On Bishop Appointments

With all the fuss about the new Chicago archbishop, I was reflecting on how heated and political the reaction to it has become. Did anybody yawn when Joseph Bernardin was tapped for the Windy City? Supposedly, it was in the middle of the most criminal, heretical, loosey-goosey time in all of Catholicism. Surely somebody noticed the decay from one archbishop to the next?

Maybe conservatives have nobody to blame but themselves. The hopeful chit-chat on the net I was reading was that Cardinal Burke was heading for a triumphant Midwestern homecoming. Did they really think there was a prayer of that?

So when a non-Burke is appointed, it seems to me it’s less about liberal glee and more about dashed expectations.

Or maybe political Americans–of any stripe–have a hard time being good losers. Is it all about being at the top of the heap? Can’t a pro sports team cite the good family fun at the ballpark, the thrilling moments in the season, of oodles of money raised for breast cancer or domestic abuse awareness (I wish) or of a new generation of fans getting excited about playing a game? Clearly not, it seems.

It seems difficult to acknowledge the possibility of conversion. Especially our own. Have we ever had a feeling of dread about someone–future in-laws, a new pastor, a new neighbor, or such, and then found much to our alarm that the person turned out to be really great?

I’ve heard a lot of people had a high regard for Blase Cupich after they worked with  him, or after he had been their pastor. To me, that speaks volumes of the quality and integrity of the person. Can a Democrat say, “I don’t like the GOP and I didn’t like so-and-so, but she’s really not a bad sort after all. I can work with her.” Can a Catholic say, “I don’t like priests, but Father just won me over because he’s so ____.”

Let me suggest that such people who inspire conversion are the ones we want to serve in key church positions. Let me also suggest that if a believer has never had a conversion experience with regard to another person, I would be very, very leery about listening to them for advice on anything serious at all. I think every Christian must–simply must–be prepared to allow God to change our minds, especially about people.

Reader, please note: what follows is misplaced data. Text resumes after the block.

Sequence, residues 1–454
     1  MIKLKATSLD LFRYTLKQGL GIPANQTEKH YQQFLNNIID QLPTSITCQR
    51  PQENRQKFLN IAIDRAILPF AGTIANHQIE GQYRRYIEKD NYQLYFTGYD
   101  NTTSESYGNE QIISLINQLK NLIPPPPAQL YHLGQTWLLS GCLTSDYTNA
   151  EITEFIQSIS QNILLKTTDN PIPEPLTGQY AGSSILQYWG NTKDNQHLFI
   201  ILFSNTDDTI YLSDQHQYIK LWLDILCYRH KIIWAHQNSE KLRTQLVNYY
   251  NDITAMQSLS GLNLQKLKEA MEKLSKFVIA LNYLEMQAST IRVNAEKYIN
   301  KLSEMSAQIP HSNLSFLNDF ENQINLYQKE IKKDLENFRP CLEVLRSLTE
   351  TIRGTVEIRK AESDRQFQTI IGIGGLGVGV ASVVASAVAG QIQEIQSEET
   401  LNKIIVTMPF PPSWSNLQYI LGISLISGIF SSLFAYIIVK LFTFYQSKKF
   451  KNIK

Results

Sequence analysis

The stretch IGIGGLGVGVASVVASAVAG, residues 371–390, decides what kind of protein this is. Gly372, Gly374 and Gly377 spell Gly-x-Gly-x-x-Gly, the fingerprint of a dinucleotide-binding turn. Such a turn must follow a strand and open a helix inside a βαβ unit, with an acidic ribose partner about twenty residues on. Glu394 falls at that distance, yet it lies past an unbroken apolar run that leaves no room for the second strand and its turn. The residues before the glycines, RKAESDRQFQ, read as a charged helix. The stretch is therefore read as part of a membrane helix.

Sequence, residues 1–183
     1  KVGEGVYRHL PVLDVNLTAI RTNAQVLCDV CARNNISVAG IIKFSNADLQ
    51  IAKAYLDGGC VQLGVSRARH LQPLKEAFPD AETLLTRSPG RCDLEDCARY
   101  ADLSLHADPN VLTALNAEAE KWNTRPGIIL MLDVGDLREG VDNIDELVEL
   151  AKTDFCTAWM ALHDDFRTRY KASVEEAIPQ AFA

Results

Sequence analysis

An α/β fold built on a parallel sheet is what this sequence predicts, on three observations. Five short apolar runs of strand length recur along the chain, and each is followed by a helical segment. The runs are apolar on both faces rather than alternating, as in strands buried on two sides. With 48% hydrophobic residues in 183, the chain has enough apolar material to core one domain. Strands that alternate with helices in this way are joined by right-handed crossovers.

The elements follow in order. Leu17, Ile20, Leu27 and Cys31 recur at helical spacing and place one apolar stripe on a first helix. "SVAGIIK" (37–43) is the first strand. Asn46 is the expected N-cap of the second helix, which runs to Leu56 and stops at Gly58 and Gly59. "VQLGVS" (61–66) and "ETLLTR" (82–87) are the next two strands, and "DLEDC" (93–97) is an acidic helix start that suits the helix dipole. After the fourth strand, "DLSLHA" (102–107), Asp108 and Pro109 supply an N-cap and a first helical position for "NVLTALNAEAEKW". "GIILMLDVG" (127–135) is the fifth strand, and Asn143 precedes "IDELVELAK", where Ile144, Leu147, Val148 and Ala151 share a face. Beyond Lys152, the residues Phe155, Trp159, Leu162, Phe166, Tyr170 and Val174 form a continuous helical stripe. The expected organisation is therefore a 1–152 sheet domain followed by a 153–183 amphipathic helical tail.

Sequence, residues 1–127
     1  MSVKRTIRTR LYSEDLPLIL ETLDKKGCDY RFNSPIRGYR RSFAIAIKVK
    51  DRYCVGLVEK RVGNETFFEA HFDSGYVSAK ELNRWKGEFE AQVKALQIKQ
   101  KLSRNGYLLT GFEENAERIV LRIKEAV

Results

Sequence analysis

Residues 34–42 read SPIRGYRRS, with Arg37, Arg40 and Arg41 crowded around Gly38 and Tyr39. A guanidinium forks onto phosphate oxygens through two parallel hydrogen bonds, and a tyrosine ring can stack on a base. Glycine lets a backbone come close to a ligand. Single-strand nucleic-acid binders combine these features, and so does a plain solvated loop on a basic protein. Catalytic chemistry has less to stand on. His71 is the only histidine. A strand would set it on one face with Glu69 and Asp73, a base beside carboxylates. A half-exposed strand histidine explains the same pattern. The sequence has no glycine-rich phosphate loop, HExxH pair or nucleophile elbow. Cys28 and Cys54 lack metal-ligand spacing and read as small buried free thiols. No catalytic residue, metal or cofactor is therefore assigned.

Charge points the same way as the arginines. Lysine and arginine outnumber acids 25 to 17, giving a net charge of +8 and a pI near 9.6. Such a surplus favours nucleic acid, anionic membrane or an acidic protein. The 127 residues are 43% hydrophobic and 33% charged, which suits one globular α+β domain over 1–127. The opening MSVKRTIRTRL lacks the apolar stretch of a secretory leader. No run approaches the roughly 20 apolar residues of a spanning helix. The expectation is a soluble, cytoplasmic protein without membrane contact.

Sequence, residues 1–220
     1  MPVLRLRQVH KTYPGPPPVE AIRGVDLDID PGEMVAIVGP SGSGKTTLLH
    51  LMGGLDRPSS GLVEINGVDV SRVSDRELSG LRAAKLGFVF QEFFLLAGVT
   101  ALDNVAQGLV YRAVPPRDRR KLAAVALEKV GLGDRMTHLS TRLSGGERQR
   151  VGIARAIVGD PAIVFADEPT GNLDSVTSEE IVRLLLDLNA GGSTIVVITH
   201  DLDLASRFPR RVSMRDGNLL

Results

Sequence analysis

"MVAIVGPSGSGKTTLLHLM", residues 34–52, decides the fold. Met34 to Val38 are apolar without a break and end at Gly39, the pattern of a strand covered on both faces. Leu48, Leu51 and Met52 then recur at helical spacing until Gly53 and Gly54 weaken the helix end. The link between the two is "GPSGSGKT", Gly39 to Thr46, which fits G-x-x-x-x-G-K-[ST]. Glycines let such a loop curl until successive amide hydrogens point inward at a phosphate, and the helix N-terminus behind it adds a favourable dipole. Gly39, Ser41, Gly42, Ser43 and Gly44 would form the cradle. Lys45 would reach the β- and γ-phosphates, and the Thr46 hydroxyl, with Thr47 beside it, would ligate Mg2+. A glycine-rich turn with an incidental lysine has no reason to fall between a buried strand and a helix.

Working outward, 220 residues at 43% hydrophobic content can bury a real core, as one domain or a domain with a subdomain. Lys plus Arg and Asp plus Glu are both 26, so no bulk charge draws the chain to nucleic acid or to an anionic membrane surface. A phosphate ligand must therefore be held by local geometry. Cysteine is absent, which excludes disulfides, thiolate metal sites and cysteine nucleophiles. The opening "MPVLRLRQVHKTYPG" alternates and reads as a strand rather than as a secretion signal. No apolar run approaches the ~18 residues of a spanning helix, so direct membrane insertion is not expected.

Maybe the appointment of so-called Francis bishops will give us an opportunity. I suspect the Chicago appointment is less about a South American Jesuit wanting to give the finger to hidebound American Catholics, and more about a simpler objective: send a good pastor. If the man’s different from the ones who went before, maybe the need is different today. Let’s accept it, and move on.

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DPPL 65-66: Deviations in Popular Piety

STA altar at night smallAfter some praise from the Magisterium (DPPL 61-64) comes a few cautions. I’ve pulled out the particulars into bullet points–these are not formatted as such in the original text:

65. While the Magisterium highlights the undeniable qualities of popular piety, it does not hesitate to point out dangers which can affect it: lack of a sufficient number of Christian elements such as

  • the salvific significance of the Resurrection of Christ,